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Long Beach firefighters battle through heavy smoke at Park Avenue businesses

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Long Beach firefighters faced heavy smoke conditions Thursday night before discovering a fire at an East Park Avenue business.

Firefighters rushed to Key Food supermarket, at 663 E. Park Ave., at 9:56 p.m. after the store’s automatic fire alarm went off.

“Upon arrival, the store was closed and locked,” the Fire Department said on its Facebook page. “From the outside [there was] an odor of burning, and [firefighters] saw what appeared to be smoke in the store surveillance monitor. Entry was forced and a moderate smoke condition was found.”

Officials said that during a search of the building, firefighters discovered more smoke and embers emanating from the second floor in the back of the store, and a hose line was stretched into Key Food.

About 50 Long Beach firefighters responded, Fire Chief Rick DiGiacomo said, and

the department requested additional ladder trucks from the Island Park and Oceanside fire departments.

Ladders were placed on both the roof of Key Food as well as the adjacent Kwik Wash Laundromat and Dry Cleaners, at 657 E. Park Ave. DiGiacomo said that while on the roof of Key Food, firefighters noticed heavy smoke pushed from a vent of the laundromat

“As they were opening up the drop ceiling, they noticed more and more smoke coming out,” DiGiacomo said. “We stretched an attack line as a precaution and as we were investigating, the guys went onto the roof of Key Food. One of the guys noticed smoke coming from a vent at the laundromat.”

Firefighters subsequently entered the building and discovered that contents in a laundry bin were burning in the boiler room. The smoldering contents, the department said, were removed and the fire was quickly extinguished.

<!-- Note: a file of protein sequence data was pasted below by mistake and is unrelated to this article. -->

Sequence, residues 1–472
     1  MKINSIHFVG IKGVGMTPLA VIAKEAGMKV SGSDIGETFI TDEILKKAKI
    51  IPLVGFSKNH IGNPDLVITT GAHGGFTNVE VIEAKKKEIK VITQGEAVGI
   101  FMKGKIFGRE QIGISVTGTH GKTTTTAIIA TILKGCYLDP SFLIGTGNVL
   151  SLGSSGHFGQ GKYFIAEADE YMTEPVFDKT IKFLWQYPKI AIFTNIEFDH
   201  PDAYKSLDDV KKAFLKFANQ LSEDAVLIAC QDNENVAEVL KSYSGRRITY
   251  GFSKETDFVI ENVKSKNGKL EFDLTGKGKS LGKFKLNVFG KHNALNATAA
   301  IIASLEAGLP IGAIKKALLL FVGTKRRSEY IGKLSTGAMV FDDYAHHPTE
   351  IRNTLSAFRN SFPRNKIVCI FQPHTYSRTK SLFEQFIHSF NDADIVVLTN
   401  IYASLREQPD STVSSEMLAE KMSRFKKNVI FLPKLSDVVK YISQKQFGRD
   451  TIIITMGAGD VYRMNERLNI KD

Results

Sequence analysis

“We found a bin of restaurant rags and it was smoldering, which was causing a lot of smoke and seeping in through the vent, out the wall and into the supermarket,” DiGiacomo said.

He added that the rags were soaked with chemicals used to wash the materials and sealed in a plastic bag. The Nassau County Fire Marshal, DiGiacomo explained, said that the rags likely spontaneously combusted due to the chemicals and heat. The fire was not suspicious and was contained to the laundry bin.

“It should be noted that this was not considered a working fire,” the department said.

Key Food sustained some smoke and water damage, but there was no structural damage and no injuries, officials said. The business was open on Friday.

According to the International Marine Contractors Association, spontaneous combustion occurs when a flammable or combustible substance — such as oil or grease in towels — "is slowly heated to its ignition point through oxidation, and many substances will begin to release heat as they oxidise." If the heat has no way to escape, the temperature will rise to a level high enough to ignite the chemicals, according to IMCA.